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I've heard, both from pundits and from acquaintances, the sentiment of "learn to speak English or go back where you came from."  I'm a left-wing nuttjob, and I also tend to over-think things, so even when I was apolitical, I usually thought, "But, how?"  I took two years of Spanish in high school, and that in no way made me fluent.  I didn't have a job, or two, or kids to take care of, and I was taking formal classes.  Fortunately, my native land is pretty stable, and I don't think I'm going to be forced to flee and take asylum in Spain, let alone Belgium where I know absolutely nothing of the language.

In early January, there was a blurb in the local paper; the local literacy center was looking for volunteers.  It's something I'd though about doing for a while in some form or another.  Two days after reading the blurb, I was laid off, so hey, free time.  Tonight I finished the last of six training sessions, 2.5 hours each.  In the next couple of weeks, I should be matched with a student.  Some random facts that stuck in my mind from the trainings:

There were 12 people in my class, another 12 or so in a second class.  Each will likely be matched with one student, although some take on more than one at a time.  The waiting list of students is well over 100.  With the exception of some native-speaking high-school dropouts who are mandated to be there as a condition of parole or some such, they are all incredibly eager to have a tutor.  Some are taking class at the center and want extra help to keep up or to just learn more quickly; some aren't taking classes because they don't have time because they are working 14 hours a day or have kids.

The tutor who talked to us tonight has had three students.  The first was a high school principal in El Salvador.  She fled to the United States, and was working at McDonald's.  The other two are friends being tutored at the same time, two young women from Egypt, Coptic Christians with one-year-old children.  They are decent speakers, but they want to be perfect; they want to talk to average native speakers and have them not know the women have only been here a couple of years.  Their husbands have been here longer, have good jobs, but rarely speak English at home; this is partly because they want their children to be bilingual, and the kids will be so inundated outside the home with English that they would need to hear Arabic at home to learn it.  Not so good for the mothers, though; most of their social circle is their church, where of course everyone speaks Arabic.  They want to meet more native speakers and practice, but where do you do that?  It's not like they are going to hit the bars or nightclubs, and how safe is it to just strike up a conversation with someone at the grocery store?  They are both taking placement tests for community college; if they do well enough on the English portion to be admitted, they want to work in health services.  Of course, if they are admitted, that's a great place to practice English.  But their English has to be good enough to get in in the first place.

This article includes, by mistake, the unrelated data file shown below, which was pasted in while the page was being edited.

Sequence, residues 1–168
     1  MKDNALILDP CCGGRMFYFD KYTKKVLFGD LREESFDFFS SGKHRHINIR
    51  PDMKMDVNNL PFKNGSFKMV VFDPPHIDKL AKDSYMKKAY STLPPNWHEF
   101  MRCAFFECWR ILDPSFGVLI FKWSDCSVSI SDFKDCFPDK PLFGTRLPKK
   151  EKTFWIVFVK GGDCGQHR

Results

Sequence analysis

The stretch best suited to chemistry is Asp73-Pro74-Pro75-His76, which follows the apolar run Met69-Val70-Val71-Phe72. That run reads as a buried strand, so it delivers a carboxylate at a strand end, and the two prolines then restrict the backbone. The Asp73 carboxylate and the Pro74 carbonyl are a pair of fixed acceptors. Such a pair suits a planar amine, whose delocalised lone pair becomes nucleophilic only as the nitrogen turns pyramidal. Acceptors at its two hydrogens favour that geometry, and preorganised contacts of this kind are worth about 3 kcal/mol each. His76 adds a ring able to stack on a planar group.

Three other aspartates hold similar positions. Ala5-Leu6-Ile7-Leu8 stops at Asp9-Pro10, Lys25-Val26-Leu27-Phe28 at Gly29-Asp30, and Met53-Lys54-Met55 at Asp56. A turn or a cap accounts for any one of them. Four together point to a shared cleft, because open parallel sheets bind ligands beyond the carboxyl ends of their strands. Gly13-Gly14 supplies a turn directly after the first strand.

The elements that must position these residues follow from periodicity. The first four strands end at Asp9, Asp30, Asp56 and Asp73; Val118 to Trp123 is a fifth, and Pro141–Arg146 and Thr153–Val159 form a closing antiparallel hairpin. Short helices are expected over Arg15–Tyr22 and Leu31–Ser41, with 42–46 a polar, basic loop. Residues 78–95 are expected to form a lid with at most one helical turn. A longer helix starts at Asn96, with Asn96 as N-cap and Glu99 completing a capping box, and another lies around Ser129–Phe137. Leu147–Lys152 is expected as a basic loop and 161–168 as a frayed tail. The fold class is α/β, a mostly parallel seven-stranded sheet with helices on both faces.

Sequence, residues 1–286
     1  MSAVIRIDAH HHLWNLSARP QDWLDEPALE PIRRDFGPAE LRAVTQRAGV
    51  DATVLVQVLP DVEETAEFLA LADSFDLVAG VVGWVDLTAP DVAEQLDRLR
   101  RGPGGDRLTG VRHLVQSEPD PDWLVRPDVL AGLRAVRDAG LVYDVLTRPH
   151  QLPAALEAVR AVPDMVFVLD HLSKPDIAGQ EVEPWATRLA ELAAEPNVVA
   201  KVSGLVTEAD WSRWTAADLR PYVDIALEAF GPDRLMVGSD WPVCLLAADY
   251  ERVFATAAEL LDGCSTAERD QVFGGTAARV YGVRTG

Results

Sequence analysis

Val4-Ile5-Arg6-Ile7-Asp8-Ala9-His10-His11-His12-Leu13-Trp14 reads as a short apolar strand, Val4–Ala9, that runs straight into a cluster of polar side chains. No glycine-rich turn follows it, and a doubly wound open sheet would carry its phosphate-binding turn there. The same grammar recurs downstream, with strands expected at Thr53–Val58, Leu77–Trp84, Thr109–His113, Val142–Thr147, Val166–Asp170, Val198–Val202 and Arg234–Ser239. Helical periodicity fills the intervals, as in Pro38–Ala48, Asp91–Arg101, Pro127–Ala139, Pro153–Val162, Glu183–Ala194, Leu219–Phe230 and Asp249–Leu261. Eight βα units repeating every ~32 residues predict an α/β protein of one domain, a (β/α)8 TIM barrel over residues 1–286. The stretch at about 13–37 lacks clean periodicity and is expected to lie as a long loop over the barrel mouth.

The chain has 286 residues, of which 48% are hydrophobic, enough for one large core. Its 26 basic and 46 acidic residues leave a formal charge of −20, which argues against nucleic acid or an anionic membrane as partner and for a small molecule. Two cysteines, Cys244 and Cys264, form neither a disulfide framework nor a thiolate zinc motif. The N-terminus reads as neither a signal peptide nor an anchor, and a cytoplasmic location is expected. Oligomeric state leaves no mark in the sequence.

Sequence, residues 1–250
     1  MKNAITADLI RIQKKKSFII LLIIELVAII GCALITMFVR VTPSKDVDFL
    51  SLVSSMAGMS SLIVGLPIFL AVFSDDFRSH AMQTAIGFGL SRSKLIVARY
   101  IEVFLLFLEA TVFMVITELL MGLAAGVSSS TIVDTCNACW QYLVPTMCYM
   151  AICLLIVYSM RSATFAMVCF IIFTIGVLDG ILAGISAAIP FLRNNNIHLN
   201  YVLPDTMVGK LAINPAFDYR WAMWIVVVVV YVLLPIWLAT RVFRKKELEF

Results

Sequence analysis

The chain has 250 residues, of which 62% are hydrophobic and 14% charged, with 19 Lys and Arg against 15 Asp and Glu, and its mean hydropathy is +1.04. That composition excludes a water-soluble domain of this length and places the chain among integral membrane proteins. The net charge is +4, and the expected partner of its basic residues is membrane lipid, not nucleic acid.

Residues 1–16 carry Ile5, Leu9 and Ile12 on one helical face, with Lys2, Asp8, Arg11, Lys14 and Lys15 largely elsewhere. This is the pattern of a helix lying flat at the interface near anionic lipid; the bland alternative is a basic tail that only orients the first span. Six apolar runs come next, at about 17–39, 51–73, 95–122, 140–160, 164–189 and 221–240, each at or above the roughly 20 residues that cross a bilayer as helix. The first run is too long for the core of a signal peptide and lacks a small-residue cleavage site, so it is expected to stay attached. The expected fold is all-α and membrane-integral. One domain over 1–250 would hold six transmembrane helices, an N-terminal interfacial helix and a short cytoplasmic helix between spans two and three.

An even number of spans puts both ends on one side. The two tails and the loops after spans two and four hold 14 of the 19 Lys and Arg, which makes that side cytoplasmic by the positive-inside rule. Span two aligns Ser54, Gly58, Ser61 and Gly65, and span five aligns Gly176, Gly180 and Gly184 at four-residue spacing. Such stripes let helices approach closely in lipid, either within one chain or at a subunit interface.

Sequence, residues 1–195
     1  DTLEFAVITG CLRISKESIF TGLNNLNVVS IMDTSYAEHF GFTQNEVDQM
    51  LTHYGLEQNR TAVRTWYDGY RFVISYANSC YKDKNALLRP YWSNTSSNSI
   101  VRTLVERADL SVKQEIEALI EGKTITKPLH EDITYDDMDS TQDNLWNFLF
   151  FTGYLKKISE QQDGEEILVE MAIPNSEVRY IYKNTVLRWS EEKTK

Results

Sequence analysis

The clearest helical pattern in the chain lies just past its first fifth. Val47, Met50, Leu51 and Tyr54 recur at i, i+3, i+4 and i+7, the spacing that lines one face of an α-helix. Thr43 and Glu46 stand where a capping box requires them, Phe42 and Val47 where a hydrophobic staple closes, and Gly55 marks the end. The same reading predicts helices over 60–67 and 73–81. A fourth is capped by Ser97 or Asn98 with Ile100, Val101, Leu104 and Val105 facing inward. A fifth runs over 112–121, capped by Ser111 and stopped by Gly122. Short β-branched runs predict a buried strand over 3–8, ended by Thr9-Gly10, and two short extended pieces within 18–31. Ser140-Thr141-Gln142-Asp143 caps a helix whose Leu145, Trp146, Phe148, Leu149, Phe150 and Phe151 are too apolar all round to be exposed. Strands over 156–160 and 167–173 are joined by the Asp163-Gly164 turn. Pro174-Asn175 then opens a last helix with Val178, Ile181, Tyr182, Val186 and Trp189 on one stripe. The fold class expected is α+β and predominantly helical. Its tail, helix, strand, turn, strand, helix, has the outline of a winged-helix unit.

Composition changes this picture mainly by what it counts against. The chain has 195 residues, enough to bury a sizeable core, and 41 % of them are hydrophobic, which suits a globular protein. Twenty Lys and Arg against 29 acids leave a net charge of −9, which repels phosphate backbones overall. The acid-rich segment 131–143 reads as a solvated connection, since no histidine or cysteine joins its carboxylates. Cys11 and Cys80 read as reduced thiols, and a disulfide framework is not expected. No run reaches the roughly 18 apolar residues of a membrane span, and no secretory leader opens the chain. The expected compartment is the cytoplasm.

As I said, I have a lefty bias, but it doesn't seem like a lefty-righty question to me.  They are here, they are here legally, they want to be part of the American culture, they want to contribute, pay taxes.  They are doing everything they can to reach those goals.  But it's not going to happen overnight, and it's going to be incredibly hard.  I think about friends who say, "Man, I need to lose 20 pounds, but after work and errands and taking the kids to soccer, I don't have time to cook real meals and hit the gym."  Heck, I've been that person.

Anyway, I'm nervous.  I don't like new things.  But all I'm going to be doing is talking to someone in my own language for an hour or two a week.  I'm a wimp.

I expect to be babbling about this over the coming weeks.


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Violet Wilson

October 2016



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